Haydn's influence on classical music cannot be overstated. He was a great influence on such composers as Mozart, as well as a close friend and mentor, and also a teacher of and an influence on Beethoven. His work covers both the late Baroque and the early Classical periods, with elements of each depending on the composition.
Naxos has been doing an ever-better job at refining their efforts to provide classical music on DVD. Their first efforts suffered from poor video, but that has much improved while keeping up the highest standards in soundtracks and clarity of the music. This disc of two of Haydn's works is no exception.
The first symphony, "London" (104, in D major), is energetic and driving, the type of classical music I like to wake up to. Interspersed with the high-energy movements and finale are periods where the music softens, taking on a more expressive tone. I'm not usually a fan of mixing the two styles within the same work; I like softer classical when I want soothing music, and the rest of the time I like the more energetic style. Still, who am I to complain? I still very much enjoyed the symphony overall. The second, "Drum Roll" (103, in E flat major) is much the same in style, though certainly not a copy. This is to be expected since both were written and performed near the same time.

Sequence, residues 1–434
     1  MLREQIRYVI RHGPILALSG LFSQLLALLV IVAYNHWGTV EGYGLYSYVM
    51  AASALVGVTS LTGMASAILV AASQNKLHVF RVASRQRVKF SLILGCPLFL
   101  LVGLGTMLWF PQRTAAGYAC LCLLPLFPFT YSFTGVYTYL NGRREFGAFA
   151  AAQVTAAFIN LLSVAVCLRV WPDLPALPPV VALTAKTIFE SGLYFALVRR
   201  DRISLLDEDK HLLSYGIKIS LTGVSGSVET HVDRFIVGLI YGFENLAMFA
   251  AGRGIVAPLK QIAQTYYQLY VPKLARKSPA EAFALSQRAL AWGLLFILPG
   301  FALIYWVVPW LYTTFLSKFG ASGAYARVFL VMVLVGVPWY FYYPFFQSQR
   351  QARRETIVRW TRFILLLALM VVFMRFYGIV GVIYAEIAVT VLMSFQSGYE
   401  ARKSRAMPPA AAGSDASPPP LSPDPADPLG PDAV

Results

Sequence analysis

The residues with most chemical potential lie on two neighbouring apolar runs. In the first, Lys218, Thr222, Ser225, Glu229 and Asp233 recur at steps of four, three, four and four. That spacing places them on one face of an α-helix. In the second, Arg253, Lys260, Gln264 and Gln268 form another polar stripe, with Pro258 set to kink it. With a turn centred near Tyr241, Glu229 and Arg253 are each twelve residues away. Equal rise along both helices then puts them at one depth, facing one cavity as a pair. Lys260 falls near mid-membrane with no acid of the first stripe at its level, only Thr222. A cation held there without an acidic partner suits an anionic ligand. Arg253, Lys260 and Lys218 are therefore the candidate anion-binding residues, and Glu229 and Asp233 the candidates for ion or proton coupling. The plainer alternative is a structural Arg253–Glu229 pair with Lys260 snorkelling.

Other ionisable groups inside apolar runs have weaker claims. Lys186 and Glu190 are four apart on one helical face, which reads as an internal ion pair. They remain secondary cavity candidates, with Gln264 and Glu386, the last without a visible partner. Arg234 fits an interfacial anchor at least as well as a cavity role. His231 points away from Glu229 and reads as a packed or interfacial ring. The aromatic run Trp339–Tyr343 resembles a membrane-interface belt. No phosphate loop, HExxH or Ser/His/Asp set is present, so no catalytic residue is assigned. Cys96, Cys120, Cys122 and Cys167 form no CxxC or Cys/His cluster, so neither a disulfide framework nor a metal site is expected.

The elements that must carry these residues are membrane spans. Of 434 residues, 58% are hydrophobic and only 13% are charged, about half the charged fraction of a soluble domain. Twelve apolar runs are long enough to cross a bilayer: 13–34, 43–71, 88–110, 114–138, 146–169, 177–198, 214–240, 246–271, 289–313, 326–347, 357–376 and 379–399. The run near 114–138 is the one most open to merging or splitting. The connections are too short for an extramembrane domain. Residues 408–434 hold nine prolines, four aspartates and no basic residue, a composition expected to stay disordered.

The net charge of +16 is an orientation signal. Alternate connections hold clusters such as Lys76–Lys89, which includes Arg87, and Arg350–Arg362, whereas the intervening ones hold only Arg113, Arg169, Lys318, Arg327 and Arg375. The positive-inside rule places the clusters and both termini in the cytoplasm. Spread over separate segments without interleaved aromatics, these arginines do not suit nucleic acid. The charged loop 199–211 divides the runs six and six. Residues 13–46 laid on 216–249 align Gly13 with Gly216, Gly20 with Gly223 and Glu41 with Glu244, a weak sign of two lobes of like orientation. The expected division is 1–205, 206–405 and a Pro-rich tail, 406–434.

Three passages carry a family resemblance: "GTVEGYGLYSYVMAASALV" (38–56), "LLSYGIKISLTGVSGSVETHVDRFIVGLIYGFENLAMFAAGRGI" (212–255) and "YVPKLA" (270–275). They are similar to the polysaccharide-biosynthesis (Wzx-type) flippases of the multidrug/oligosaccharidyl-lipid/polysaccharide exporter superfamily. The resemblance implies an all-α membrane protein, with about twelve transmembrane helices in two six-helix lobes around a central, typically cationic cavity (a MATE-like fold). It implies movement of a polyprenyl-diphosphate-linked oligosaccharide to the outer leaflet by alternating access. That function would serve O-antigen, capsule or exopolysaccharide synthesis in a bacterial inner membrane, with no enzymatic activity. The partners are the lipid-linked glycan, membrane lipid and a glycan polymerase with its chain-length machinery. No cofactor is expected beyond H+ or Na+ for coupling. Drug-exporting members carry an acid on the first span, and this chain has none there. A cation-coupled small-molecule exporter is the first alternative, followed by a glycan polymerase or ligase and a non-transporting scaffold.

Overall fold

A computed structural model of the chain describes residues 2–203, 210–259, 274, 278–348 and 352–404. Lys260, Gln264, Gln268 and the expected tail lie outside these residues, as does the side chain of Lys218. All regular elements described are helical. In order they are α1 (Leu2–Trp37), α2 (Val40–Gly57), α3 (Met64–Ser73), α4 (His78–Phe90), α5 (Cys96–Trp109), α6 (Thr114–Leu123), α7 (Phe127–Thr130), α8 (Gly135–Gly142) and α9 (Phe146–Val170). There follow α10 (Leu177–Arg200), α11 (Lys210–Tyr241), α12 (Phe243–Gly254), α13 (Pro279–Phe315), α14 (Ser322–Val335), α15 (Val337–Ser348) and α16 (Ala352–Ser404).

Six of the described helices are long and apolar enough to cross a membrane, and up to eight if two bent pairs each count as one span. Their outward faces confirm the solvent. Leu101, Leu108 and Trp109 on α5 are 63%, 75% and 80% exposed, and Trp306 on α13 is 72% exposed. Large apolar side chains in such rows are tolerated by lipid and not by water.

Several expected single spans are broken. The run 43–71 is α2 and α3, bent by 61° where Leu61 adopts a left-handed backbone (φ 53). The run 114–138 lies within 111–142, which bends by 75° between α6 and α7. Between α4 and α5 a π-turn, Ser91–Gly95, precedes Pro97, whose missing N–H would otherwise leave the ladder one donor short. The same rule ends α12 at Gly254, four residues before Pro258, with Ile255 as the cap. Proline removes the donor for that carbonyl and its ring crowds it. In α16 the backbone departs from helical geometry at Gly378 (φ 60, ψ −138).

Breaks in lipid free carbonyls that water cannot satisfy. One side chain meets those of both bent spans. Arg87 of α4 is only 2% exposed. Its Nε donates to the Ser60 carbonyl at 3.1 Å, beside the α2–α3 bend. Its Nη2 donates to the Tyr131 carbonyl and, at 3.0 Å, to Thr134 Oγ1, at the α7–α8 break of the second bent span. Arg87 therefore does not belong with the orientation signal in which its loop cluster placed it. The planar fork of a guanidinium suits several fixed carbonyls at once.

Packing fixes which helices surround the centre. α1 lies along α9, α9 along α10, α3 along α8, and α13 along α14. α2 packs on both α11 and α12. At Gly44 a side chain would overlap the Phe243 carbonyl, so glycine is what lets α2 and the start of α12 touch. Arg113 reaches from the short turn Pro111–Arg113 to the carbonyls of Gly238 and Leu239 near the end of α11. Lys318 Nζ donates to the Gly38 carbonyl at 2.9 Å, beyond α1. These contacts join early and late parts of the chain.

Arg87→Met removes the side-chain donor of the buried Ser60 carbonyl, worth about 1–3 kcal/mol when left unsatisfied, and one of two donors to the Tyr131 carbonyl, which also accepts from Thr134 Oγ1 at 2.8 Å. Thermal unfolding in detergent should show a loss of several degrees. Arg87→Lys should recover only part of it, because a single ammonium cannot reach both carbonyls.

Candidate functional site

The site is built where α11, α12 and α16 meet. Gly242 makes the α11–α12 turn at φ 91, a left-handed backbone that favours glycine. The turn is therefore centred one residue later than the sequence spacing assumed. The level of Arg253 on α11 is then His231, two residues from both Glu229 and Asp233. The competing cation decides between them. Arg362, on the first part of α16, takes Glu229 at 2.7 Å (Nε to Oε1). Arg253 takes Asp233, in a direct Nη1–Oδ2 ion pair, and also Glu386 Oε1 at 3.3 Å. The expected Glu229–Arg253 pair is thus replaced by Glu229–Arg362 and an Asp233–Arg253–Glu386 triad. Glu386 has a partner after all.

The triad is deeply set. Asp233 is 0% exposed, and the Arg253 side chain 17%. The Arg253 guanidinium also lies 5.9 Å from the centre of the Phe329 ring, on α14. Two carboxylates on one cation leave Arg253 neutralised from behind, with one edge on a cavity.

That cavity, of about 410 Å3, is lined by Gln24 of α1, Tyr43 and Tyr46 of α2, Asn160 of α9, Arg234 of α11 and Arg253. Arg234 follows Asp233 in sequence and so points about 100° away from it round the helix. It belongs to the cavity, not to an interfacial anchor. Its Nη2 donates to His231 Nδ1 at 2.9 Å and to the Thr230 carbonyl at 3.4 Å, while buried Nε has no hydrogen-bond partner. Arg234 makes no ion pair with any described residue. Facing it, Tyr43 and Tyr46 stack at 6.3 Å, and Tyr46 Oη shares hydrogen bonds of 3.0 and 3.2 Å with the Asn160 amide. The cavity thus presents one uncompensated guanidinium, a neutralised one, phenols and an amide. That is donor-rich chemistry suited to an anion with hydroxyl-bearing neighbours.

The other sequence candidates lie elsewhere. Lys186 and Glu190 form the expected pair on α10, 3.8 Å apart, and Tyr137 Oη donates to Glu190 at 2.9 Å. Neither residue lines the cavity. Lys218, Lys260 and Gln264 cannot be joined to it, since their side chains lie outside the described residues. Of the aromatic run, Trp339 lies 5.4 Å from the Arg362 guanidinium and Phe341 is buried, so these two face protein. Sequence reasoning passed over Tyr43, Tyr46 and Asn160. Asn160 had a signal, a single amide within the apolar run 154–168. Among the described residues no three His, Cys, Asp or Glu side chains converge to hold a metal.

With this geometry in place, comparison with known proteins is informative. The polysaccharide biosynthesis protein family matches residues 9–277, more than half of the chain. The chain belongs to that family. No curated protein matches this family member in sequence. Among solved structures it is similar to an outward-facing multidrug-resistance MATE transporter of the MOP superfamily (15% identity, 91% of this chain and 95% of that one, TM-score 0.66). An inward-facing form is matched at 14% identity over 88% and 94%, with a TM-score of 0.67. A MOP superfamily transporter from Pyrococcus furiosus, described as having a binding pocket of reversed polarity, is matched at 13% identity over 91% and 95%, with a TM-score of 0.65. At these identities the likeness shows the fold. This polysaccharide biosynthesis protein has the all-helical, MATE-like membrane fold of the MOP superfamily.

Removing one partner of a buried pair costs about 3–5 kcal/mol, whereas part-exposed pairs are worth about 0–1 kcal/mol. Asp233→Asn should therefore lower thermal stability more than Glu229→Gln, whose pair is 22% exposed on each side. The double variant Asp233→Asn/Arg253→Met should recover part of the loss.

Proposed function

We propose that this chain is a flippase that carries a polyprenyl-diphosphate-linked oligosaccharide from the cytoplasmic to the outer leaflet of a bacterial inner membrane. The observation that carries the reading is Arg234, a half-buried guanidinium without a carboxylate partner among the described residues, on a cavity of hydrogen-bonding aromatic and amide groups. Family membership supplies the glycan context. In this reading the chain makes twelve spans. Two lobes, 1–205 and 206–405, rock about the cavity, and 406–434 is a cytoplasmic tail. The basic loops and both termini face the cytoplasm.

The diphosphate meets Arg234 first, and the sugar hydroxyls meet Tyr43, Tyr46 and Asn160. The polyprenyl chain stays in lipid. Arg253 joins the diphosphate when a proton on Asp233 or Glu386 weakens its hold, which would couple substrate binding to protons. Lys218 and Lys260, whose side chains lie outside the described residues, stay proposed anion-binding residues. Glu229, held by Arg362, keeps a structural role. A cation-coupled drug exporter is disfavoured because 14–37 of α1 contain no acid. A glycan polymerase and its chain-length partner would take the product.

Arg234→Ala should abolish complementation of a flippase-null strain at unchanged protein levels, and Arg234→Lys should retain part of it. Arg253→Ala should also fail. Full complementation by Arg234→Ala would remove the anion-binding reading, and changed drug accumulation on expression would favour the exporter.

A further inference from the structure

Barry Wordsworth, who has also conducted for the other Naxos discs I've reviewed, capably conducts both symphonies. Both Dolby Digital and DTS 5.1 soundtracks offer a wide, spacious soundstage in the front channels with more of a reverb effect out of the rear speakers. Still, the DTS track gets the nod as the better of the two because the sound is a bit more transparent and imaging is slightly enhanced. Both symphonies will sound glorious on a good sound system.